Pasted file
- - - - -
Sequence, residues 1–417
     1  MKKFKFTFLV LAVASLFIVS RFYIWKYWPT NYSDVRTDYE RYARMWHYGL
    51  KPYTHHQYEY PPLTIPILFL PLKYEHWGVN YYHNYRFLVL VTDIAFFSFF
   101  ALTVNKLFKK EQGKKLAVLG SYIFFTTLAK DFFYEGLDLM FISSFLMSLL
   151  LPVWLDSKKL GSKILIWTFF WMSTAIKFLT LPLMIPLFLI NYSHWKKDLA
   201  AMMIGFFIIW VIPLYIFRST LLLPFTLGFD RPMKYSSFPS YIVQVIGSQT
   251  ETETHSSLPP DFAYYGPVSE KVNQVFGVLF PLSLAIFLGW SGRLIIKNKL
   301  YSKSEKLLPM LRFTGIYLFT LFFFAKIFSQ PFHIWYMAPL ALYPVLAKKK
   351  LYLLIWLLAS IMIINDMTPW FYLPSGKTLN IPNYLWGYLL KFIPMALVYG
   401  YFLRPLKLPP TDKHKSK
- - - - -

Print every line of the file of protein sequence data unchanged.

Sequence, residues 1–417
     1  MKKFKFTFLV LAVASLFIVS RFYIWKYWPT NYSDVRTDYE RYARMWHYGL
    51  KPYTHHQYEY PPLTIPILFL PLKYEHWGVN YYHNYRFLVL VTDIAFFSFF
   101  ALTVNKLFKK EQGKKLAVLG SYIFFTTLAK DFFYEGLDLM FISSFLMSLL
   151  LPVWLDSKKL GSKILIWTFF WMSTAIKFLT LPLMIPLFLI NYSHWKKDLA
   201  AMMIGFFIIW VIPLYIFRST LLLPFTLGFD RPMKYSSFPS YIVQVIGSQT
   251  ETETHSSLPP DFAYYGPVSE KVNQVFGVLF PLSLAIFLGW SGRLIIKNKL
   301  YSKSEKLLPM LRFTGIYLFT LFFFAKIFSQ PFHIWYMAPL ALYPVLAKKK
   351  LYLLIWLLAS IMIINDMTPW FYLPSGKTLN IPNYLWGYLL KFIPMALVYG
   401  YFLRPLKLPP TDKHKSK